Thursday, December 15, 2016

UPDATE: Transportation Demand Management Ordinance Impact to Non-Residential Space

UPDATE: December 6, 2016

The Planning Code Amendment for the TDM Ordinance was heard at the Board of Supervisors Land Use and Transportation Committee on Monday, November 28. The Committee voted to continue the item to December 5th (Board of Supervisors File #160925), and some amendments to the Ordinance were proposed. They include, among others, language regarding the phasing in of the TDM Program.

At the December 5th meeting, the Committee voted again to continue the Ordinance to January 23rd due to a need to review additional issues raised at the meeting. 

In addition, The San Francisco Planning Department identified changes to the TDM Program Standards based upon feedback received over the last two months. Those changes are described in a memo distributed to the Land Use and Transportation Committee on November 28th and posted on Planning’s website. It is expected that these changes to be proposed for adoption by the Planning Commission in the near future.

Please note that two tools are now available online: The previous version, dated October 12, 2016, and an updated version containing the proposed changes described in the aforementioned memo, dated November 28, 2016. Staff is currently working on a web-based version of the Excel file tool and will notify you as soon as it is released.

Please email and with any feedback you may have.


UPDATE: July 29, 2016

There is a change being proposed to the Transportation Demand Management (TDM) Ordinance that will now - if passed - impact existing buildings who change the use of 25,000 sq. ft. or more of non-residential space and require the building owner to do an assessment on the traffic impacts the change will generate. The Planning Commission is set to hear it August 4, 2016.

About TDM

The Transportation Demand Management (TDM) Program is designed to work with developers to provide more on-site amenities that will encourage smarter travel options so people can get around more easily without a car. These choices are better for the environment, help manage congestion, help to reduce risks to pedestrians and cyclists, and improve the overall efficiency of our transportation network.

A series of development-focused TDM measures are intended to “shift” more typical car-dependent travel practices by providing reliable alternatives, such as:

Delivery services
Bicycle amenities
Subsidized transit passes

The TDM Program would apply to nearly all types of new development and changes of use. The end result: more sustainable transportation options for a building’s tenants, employees, residents, and visitors, which benefits not only the local neighborhood, but the City as a whole.

Frequently Asked Questions


UPDATE - April 21, 2016

On March 3, 2016, San Francisco Planning Commission adopted a new resolution to immediately update the environmental review process with the state-proposed guidelines that modernize the way city officials measure the transportation impacts of new development projects.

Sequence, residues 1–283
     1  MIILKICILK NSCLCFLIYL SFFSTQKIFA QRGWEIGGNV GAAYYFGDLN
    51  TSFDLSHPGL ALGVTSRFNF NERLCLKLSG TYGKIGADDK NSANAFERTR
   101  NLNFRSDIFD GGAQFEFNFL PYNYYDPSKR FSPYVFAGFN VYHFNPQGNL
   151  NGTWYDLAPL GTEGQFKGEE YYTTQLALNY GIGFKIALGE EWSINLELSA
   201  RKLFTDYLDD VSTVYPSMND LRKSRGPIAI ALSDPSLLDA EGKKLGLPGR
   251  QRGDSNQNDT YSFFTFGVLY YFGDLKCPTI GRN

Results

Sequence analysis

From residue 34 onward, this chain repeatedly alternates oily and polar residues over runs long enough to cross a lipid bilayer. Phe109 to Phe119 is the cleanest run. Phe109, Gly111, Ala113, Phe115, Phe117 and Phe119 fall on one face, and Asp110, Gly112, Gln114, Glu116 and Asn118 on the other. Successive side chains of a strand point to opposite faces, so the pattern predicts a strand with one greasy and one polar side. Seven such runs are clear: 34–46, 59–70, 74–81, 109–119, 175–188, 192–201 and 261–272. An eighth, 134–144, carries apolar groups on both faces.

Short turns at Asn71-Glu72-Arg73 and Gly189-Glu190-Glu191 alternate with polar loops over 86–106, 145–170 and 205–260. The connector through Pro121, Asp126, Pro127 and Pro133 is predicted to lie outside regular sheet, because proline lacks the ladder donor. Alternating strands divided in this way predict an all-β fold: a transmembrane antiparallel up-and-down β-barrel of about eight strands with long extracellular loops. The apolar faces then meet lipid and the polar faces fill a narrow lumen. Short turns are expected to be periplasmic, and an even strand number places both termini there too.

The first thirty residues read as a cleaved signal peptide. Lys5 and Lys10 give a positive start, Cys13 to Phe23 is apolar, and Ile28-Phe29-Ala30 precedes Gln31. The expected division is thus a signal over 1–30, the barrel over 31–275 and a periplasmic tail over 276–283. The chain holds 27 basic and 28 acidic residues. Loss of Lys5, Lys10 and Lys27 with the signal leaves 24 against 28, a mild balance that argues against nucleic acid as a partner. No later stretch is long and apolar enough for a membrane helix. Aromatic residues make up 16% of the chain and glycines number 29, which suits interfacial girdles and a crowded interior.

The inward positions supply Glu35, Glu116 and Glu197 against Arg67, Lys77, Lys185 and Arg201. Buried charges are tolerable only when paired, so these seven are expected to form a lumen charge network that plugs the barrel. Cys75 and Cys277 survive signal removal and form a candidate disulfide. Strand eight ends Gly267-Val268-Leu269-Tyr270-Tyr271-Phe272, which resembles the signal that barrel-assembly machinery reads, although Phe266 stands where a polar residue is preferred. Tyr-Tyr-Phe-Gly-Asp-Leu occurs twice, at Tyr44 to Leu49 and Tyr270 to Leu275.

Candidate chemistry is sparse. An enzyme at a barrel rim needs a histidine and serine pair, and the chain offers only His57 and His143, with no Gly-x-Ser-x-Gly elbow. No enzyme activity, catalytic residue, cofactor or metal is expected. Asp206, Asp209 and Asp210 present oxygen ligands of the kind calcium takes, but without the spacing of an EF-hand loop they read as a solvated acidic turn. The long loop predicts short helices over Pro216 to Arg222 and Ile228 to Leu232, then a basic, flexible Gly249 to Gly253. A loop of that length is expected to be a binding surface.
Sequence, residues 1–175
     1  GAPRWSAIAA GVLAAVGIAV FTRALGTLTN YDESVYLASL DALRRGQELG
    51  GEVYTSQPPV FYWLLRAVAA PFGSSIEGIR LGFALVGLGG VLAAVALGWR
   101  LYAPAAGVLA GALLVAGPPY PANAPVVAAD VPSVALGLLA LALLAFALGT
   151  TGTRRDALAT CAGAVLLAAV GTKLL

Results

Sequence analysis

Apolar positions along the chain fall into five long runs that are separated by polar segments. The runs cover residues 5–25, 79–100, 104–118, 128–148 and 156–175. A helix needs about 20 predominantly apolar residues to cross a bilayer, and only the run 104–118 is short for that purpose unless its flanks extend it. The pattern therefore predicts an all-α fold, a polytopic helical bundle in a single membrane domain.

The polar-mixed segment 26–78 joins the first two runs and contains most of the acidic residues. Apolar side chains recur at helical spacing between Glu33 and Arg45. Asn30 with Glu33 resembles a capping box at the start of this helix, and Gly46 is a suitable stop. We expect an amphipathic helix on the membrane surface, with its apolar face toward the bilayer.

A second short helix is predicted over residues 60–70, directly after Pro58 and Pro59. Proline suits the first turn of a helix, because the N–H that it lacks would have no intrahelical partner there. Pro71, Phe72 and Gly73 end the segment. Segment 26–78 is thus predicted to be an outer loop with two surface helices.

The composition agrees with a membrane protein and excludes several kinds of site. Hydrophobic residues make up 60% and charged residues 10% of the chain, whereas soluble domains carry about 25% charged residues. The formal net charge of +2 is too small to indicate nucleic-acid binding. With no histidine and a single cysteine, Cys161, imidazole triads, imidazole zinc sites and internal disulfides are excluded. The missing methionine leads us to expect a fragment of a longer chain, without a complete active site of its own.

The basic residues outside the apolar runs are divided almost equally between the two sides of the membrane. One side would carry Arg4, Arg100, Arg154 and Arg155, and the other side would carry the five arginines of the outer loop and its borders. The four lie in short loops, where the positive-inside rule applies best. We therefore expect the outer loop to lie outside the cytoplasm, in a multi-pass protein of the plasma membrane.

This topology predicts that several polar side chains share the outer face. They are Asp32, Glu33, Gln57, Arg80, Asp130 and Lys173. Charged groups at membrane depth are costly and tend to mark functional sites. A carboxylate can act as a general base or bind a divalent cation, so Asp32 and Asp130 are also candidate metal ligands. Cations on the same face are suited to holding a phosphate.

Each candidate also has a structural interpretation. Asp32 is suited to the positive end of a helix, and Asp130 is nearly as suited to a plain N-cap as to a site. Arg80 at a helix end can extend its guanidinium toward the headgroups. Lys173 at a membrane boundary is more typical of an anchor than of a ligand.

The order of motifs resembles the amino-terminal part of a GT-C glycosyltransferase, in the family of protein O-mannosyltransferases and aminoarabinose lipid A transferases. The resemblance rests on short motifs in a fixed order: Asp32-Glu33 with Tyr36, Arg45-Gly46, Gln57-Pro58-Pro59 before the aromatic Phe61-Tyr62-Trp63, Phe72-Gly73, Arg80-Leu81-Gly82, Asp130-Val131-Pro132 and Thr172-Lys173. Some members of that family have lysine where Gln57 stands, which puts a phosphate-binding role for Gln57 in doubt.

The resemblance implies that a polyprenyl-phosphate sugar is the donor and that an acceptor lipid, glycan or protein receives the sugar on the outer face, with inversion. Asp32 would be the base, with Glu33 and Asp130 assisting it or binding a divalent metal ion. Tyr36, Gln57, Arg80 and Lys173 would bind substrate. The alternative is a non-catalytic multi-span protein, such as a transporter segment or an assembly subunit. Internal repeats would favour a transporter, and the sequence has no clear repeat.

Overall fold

For decades, environmental analysis of transportation impacts focused on how quickly cars moved through a given intersection, a flawed approach that was expensive to calculate, did little to benefit the environment and promoted urban sprawl rather than smart infill growth. The new approach is more comprehensive, looking at the method of travel, how far the person is going, and how many other people are in the vehicle to determine the impact on the environment.

The resolution to take immediate action represents the Align component of the Transportation Sustainability Program, a three-part citywide policy initiative to help transportation keep pace with growth in the city.

More Updates

Introduction of Transportation Demand Management: SHIFT

On February 11, 2016, Planning Department staff provided a brief overview on the Transportation Sustainability Program’s SHIFT component, the proposed Transportation Demand Management (TDM) Ordinance. TDM describes strategies or measures that incentivize sustainable ways of getting around. These types of travel choices are good for the environment, help manage congestion and improve the efficiency of the transportation network. The City is working on shifting travel choices as San Francisco grows, making it easier for new arrivals to take transit, bike or other efficient travel methods rather than moving to the city with a car.

On April 28, 2016, Planning Department staff will initiate a Planning Code Amendment for the TDM Ordinance. In addition, the TDM project team will be presenting the Ordinance to various neighborhood Citizen Advisory Committees this spring. Please see below for a list of the upcoming meetings before the Ordinance will be introduced at the Board of Supervisors.

Visit our Shift page for the executive summary and a copy of the presentation that was provided at the February 11th Planning Commission hearing. We intend on updating this page soon with more information related to the TDM Ordinance, so please stay tuned.

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